Learn how to make a buttercream flower cake that is fun and flirty with just a few piping tips and your favorite frosting! This cake design looks fancy, but even beginner bakers can make it. Piping buttercream stars and rosettes directly onto a frosted cake couldn't be any easier.
Why We Love this Cake
The cake starts with a watercolor finish around the sides. Select a color palette that blends together beautifully. Here, I used different shades of pink, orange, and purple.
This is one of my favorite techniques because not only does each cake have a unique pattern of colors, but also because it is impossible to mess up. The watercolor finish is organic and always looks beautiful.
Follow this Watercolor Cake tutorial to learn how to make a watercolor cake.
Tips for Piping Buttercream Flowers
- Hold the piping bag with your dominant hand and gently squeeze. Use your other hand to guide the tip and create your flowers.
- If the buttercream becomes soft and the flowers no longer hold their shape, pop the piping bag in the refrigerator for about 5 minutes then try again. The heat of your hand may warm the piping bag over time.
- If the buttercream is too stiff to pipe, try massaging the frosting within the piping bag to soften it up a bit.
- Carefully scrape off any unwanted flowers with an offset spatula. You may also chill the cake first to firm up the buttercream, then remove the flowers.
- Always remember to stop squeezing the piping bag before pulling it up and away from the design.
Buttercream Flower Cake
Using a variety of Wilton piping tips, it’s super easy to create this vibrant buttercream flower pattern. Each tip creates a different shape and adds loads of texture. Let’s take a closer look to see which tip creates which buttercream flower:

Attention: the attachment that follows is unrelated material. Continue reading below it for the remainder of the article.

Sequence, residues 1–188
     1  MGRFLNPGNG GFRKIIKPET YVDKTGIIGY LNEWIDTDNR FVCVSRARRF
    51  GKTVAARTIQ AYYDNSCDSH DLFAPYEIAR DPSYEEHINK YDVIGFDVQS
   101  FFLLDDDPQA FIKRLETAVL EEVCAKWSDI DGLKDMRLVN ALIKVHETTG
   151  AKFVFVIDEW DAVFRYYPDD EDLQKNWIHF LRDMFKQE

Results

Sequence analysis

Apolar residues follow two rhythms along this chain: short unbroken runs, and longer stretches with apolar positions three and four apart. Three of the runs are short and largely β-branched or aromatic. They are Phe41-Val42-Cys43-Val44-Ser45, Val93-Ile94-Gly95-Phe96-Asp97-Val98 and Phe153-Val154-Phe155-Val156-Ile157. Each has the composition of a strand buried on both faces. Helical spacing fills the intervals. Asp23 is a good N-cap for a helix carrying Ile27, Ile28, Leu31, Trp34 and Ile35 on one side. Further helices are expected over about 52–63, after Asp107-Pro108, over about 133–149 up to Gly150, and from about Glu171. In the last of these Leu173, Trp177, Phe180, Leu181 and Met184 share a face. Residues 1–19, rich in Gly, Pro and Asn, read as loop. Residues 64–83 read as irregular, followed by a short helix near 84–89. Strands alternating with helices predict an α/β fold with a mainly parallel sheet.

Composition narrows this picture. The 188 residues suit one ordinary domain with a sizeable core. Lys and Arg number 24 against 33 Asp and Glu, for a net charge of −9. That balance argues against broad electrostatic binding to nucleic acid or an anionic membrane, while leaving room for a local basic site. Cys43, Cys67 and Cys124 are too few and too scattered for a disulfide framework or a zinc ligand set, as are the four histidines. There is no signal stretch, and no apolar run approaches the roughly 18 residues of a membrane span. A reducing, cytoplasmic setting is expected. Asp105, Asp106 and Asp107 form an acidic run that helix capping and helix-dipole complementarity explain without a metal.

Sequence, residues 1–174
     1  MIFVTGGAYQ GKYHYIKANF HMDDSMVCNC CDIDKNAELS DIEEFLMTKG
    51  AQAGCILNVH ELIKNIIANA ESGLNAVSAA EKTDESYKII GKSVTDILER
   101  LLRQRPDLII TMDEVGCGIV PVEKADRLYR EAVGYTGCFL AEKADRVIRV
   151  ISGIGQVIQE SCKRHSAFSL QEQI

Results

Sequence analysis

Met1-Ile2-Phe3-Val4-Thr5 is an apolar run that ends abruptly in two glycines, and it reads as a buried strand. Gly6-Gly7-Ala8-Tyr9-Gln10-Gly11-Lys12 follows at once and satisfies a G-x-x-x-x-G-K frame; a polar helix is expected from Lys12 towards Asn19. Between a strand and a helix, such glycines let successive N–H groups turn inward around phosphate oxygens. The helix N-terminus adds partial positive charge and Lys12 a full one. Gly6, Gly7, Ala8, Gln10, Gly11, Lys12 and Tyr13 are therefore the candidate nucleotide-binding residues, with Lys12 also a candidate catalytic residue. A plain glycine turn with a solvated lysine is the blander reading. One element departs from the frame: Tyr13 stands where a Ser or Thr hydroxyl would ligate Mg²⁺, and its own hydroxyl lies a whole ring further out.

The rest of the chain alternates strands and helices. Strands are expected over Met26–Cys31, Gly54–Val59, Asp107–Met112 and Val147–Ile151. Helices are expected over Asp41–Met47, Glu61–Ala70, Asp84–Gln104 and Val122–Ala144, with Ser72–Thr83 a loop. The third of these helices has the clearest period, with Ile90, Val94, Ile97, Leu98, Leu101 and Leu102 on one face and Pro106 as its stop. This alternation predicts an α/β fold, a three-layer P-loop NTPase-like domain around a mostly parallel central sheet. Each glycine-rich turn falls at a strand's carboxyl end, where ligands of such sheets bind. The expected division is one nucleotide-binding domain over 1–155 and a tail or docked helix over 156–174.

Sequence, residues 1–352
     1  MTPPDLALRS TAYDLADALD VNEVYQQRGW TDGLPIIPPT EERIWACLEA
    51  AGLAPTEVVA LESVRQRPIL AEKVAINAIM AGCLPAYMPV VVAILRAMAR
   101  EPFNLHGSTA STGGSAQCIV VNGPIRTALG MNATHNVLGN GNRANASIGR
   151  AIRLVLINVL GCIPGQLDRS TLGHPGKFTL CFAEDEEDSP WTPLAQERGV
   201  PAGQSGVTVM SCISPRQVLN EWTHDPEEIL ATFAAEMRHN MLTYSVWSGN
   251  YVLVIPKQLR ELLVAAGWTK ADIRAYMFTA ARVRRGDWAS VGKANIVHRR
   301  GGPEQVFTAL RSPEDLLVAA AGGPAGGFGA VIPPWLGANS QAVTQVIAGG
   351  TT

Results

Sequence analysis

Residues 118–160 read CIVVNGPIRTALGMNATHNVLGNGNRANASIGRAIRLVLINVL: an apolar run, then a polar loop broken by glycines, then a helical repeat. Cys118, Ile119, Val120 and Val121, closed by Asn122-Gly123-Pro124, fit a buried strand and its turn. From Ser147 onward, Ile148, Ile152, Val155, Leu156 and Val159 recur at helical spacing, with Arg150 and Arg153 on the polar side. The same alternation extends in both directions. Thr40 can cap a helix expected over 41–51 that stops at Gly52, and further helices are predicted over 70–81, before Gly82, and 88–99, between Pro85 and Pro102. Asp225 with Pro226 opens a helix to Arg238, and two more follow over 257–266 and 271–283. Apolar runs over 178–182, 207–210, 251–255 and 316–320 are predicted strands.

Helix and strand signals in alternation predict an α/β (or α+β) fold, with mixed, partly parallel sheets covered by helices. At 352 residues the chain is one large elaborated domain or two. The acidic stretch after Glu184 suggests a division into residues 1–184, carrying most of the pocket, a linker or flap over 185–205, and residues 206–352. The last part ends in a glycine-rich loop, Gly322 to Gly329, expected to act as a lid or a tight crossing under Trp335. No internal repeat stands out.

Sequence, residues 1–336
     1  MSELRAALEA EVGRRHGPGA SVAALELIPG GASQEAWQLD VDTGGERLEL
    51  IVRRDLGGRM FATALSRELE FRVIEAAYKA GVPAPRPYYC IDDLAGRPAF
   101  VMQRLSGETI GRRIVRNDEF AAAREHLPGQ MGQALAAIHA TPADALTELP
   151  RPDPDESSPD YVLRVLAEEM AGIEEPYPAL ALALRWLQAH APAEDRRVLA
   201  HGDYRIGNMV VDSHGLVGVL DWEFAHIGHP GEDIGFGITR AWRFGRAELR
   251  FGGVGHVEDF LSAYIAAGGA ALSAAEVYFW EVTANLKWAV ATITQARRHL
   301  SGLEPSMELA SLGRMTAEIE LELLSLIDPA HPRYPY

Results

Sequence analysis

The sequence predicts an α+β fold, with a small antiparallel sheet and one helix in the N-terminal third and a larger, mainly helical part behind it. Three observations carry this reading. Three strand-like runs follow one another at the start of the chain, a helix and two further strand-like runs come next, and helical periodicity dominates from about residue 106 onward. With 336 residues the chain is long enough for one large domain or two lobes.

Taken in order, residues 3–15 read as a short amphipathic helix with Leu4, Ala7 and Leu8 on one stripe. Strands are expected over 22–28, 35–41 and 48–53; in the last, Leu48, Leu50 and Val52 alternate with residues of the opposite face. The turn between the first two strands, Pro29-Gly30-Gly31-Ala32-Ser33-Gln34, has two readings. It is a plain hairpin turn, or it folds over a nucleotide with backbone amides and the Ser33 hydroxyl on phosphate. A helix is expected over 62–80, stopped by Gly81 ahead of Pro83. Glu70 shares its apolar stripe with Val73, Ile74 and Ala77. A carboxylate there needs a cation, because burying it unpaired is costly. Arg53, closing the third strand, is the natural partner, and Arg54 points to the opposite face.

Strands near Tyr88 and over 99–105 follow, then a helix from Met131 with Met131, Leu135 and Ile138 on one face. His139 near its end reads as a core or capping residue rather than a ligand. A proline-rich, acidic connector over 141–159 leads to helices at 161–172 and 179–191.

How to Pipe a Buttercream Rosette
My favorite piping tip is the Wilton 1M. It makes perfect rosettes. Start by piping out these large rosettes first (the deep pink ones).
To create the rosette, hold the piping bag straight up (perpendicular to the surface of the cake) and hover it above the top of the cake a half-inch or so. Starting from the inside then out, pipe a tight spiral of buttercream.
As you complete the spiral, release the pressure on the piping bag so that the tail tappers around the rosettes. Continue and pipe 3 to 5 rosettes (I find that odd numbers look more organic).
Moving in size order, select the second largest tip. I used tip 1G to create the large purple blossoms. Use them to fill in the gaps around the rosettes and create a crescent shape.
To create these types of flowers, simply hold the piping bag with tip straight up above the surface of the cake, squeeze the piping bag until the buttercream creates a flower, then release the pressure on the piping bag before pulling it up and away.
Be sure to hover the piping bag over the cake so that the buttercream can build. If it is touching the surface of the cake, the buttercream has nowhere to go.
Continue filling in the crescent shape with buttercream flowers using various-sized tips. Use the smallest tips to fill in small gaps and to tapper off the half-moon shape on each end.
Adding sugar pearls the center of the piped buttercream instantly turns them into flowers, don’t you think? Use smaller sugar pearls to fill in the gaps and scatter around the cake.
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